Prosecution and conviction

His arrest, accused for war crimes
During his trial before the International Military Tribunal of the Far East. First in the front row from left to right
Last writing of the Class-A War Criminals (Kenji Doihara, Iwane Matsui, Hideki Tojo and Akira Muto)
Kenji Doihara in 1948

After the surrender of Japan, he was arrested by the Allied occupation authorities and tried before the International Military Tribunal of the Far East as a Class A war criminal together with other members of the Manchurian administration responsible for the Japanese policies there. He was found guilty on counts 1, 27, 29, 31, 32, 35, 36, and 54 and was sentenced to death, while his close colleague Naoki Hoshino, financial expert and director of the Japanese State Opium Monopoly Bureau in Manchuria, was sentenced to life imprisonment. According to the indictment, as tools of successive Japanese governments they: "... pursued a systematic policy of weakening the native inhabitants' will to resist ... by directly and indirectly encouraging the increased production and importation of opium and other narcotics and by promoting the sale and consumption of such drugs among such people."[17] He was hanged on 23 December 1948 at Sugamo Prison.[18]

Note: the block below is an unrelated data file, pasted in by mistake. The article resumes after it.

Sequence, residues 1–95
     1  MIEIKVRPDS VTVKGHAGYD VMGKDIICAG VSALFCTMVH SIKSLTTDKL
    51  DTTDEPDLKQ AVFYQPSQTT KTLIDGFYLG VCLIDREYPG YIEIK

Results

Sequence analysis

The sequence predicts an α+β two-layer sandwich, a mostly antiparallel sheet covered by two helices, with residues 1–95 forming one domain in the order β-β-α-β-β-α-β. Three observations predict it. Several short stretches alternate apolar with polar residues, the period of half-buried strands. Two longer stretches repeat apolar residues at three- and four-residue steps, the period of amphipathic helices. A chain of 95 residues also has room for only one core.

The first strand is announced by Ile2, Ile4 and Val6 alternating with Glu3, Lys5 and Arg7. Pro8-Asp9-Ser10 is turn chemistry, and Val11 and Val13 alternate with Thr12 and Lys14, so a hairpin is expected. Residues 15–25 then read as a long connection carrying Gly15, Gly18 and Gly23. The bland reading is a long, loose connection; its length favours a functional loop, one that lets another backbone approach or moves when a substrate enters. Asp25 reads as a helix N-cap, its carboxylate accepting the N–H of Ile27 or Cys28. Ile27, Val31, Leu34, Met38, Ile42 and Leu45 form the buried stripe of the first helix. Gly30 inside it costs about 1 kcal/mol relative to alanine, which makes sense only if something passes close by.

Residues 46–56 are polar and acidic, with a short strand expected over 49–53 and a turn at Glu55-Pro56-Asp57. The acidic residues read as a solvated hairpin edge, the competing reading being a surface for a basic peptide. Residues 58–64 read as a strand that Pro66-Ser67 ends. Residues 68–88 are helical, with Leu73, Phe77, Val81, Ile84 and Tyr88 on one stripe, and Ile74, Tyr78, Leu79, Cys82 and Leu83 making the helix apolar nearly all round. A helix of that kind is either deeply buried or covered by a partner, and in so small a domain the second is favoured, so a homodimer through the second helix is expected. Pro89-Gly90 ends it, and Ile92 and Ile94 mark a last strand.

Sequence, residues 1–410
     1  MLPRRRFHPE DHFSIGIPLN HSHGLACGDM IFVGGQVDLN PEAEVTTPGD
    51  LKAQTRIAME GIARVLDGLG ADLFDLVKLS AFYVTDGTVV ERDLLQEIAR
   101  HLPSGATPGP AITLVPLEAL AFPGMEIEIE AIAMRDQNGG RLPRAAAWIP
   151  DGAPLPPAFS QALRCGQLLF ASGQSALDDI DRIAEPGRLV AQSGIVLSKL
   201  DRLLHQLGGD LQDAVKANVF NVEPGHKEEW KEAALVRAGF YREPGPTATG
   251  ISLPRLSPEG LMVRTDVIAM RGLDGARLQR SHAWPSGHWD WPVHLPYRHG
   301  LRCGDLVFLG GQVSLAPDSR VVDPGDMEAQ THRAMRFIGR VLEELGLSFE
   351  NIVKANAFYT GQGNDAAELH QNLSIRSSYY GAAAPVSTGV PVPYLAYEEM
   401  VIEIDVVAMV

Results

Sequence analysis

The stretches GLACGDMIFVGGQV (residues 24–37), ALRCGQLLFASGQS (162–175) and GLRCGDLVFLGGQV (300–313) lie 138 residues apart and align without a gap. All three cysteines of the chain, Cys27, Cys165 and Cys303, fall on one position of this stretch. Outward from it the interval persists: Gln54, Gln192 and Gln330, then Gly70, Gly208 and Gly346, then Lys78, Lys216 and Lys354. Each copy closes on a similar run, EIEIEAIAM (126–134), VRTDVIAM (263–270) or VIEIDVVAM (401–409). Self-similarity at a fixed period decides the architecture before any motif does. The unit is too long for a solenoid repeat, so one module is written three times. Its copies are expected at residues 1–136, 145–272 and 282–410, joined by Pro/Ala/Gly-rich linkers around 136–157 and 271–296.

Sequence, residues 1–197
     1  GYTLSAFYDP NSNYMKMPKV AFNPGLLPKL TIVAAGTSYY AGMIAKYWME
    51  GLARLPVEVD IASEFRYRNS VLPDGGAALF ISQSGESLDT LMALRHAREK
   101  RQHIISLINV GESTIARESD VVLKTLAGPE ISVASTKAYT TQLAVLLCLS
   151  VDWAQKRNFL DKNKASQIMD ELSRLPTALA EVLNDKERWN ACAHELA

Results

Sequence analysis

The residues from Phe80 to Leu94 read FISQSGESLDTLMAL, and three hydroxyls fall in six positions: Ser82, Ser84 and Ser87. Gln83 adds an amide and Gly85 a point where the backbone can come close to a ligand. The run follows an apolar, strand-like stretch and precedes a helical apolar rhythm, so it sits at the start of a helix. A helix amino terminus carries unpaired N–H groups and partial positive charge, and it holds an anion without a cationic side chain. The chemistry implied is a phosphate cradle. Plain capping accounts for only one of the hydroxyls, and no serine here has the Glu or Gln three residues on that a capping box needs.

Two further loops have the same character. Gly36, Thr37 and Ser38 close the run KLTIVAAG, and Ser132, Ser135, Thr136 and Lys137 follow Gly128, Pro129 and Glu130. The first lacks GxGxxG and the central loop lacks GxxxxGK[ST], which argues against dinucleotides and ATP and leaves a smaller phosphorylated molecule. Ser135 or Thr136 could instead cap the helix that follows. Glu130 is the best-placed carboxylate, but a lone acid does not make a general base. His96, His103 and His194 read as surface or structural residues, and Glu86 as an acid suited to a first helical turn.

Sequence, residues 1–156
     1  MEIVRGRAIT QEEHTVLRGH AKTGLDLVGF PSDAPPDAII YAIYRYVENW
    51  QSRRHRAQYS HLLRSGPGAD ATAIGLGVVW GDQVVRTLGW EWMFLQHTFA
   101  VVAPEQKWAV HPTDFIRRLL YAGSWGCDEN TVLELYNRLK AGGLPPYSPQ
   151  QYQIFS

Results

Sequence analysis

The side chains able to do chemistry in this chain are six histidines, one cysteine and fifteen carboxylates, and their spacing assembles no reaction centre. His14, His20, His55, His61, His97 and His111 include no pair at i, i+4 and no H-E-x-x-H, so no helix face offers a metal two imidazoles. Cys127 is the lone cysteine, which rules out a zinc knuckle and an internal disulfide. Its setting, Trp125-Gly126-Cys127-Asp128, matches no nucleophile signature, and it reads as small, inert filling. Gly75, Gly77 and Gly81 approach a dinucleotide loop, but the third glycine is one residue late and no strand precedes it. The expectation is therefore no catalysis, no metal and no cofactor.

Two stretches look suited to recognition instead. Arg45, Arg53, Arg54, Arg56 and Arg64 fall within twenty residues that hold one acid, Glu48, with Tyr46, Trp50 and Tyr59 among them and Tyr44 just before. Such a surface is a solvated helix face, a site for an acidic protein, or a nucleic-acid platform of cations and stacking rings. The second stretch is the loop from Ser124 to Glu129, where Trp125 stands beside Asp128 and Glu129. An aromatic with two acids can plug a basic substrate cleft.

See also


  1. Encyclopedia of War Crimes And Genocide, p.127, Facts on File, Leslie Alan Horvitz & Christopher Catherwood, ISBN 9780816060016, 2006
  2. Encyclopedia of espionage, p.313, Ronald Sydney Seth, ISBN 9780385016094, Doubleday, 1974